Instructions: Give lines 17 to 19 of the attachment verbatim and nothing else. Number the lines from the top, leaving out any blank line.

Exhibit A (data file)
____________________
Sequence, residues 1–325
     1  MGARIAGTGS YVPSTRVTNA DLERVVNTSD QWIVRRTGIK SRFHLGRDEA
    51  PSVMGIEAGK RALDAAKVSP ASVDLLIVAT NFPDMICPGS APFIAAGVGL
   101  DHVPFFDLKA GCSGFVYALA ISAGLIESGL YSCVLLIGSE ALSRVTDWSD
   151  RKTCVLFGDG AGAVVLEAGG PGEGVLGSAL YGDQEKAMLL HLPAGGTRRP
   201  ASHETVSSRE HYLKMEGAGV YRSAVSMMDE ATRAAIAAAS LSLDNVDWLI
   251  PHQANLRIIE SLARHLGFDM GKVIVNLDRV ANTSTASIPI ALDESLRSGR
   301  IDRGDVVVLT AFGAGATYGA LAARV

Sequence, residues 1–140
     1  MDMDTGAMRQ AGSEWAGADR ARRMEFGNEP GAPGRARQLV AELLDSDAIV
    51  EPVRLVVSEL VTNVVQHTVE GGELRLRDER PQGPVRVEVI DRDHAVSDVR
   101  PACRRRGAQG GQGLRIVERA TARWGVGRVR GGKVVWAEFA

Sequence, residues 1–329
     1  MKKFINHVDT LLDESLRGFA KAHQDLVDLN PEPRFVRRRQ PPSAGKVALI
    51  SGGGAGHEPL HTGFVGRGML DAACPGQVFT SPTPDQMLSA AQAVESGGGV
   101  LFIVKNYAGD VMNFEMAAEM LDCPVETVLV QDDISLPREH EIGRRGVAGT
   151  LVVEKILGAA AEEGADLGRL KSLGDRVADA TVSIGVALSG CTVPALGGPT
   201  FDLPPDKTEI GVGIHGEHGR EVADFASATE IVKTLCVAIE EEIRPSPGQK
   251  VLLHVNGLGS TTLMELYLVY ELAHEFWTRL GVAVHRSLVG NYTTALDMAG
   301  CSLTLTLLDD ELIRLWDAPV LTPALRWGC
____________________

   151  LVVEKILGAA AEEGADLGRL KSLGDRVADA TVSIGVALSG CTVPALGGPT
   201  FDLPPDKTEI GVGIHGEHGR EVADFASATE IVKTLCVAIE EEIRPSPGQK
   251  VLLHVNGLGS TTLMELYLVY ELAHEFWTRL GVAVHRSLVG NYTTALDMAG